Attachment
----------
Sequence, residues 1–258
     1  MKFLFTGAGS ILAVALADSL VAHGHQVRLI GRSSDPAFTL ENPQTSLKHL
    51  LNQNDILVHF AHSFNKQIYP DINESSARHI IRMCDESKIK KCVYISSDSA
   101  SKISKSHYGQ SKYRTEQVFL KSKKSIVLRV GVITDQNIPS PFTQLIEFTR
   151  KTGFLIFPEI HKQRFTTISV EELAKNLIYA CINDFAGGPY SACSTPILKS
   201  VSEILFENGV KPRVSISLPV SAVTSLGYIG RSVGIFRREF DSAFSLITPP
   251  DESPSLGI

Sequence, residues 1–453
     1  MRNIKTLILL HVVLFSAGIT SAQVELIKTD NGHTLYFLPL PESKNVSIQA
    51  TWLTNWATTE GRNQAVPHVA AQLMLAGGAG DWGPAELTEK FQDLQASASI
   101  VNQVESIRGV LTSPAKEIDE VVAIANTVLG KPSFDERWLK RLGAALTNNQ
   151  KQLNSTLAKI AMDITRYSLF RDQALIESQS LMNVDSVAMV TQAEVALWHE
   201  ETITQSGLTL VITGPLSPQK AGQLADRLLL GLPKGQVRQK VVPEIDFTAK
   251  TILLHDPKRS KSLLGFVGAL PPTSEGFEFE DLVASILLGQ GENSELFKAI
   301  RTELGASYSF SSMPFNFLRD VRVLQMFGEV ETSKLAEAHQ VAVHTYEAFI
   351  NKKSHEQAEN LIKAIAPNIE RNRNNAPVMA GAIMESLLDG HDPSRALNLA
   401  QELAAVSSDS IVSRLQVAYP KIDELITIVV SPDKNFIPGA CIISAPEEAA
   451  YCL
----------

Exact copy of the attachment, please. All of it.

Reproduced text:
Sequence, residues 1–258
     1  MKFLFTGAGS ILAVALADSL VAHGHQVRLI GRSSDPAFTL ENPQTSLKHL
    51  LNQNDILVHF AHSFNKQIYP DINESSARHI IRMCDESKIK KCVYISSDSA
   101  SKISKSHYGQ SKYRTEQVFL KSKKSIVLRV GVITDQNIPS PFTQLIEFTR
   151  KTGFLIFPEI HKQRFTTISV EELAKNLIYA CINDFAGGPY SACSTPILKS
   201  VSEILFENGV KPRVSISLPV SAVTSLGYIG RSVGIFRREF DSAFSLITPP
   251  DESPSLGI

Sequence, residues 1–453
     1  MRNIKTLILL HVVLFSAGIT SAQVELIKTD NGHTLYFLPL PESKNVSIQA
    51  TWLTNWATTE GRNQAVPHVA AQLMLAGGAG DWGPAELTEK FQDLQASASI
   101  VNQVESIRGV LTSPAKEIDE VVAIANTVLG KPSFDERWLK RLGAALTNNQ
   151  KQLNSTLAKI AMDITRYSLF RDQALIESQS LMNVDSVAMV TQAEVALWHE
   201  ETITQSGLTL VITGPLSPQK AGQLADRLLL GLPKGQVRQK VVPEIDFTAK
   251  TILLHDPKRS KSLLGFVGAL PPTSEGFEFE DLVASILLGQ GENSELFKAI
   301  RTELGASYSF SSMPFNFLRD VRVLQMFGEV ETSKLAEAHQ VAVHTYEAFI
   351  NKKSHEQAEN LIKAIAPNIE RNRNNAPVMA GAIMESLLDG HDPSRALNLA
   401  QELAAVSSDS IVSRLQVAYP KIDELITIVV SPDKNFIPGA CIISAPEEAA
   451  YCL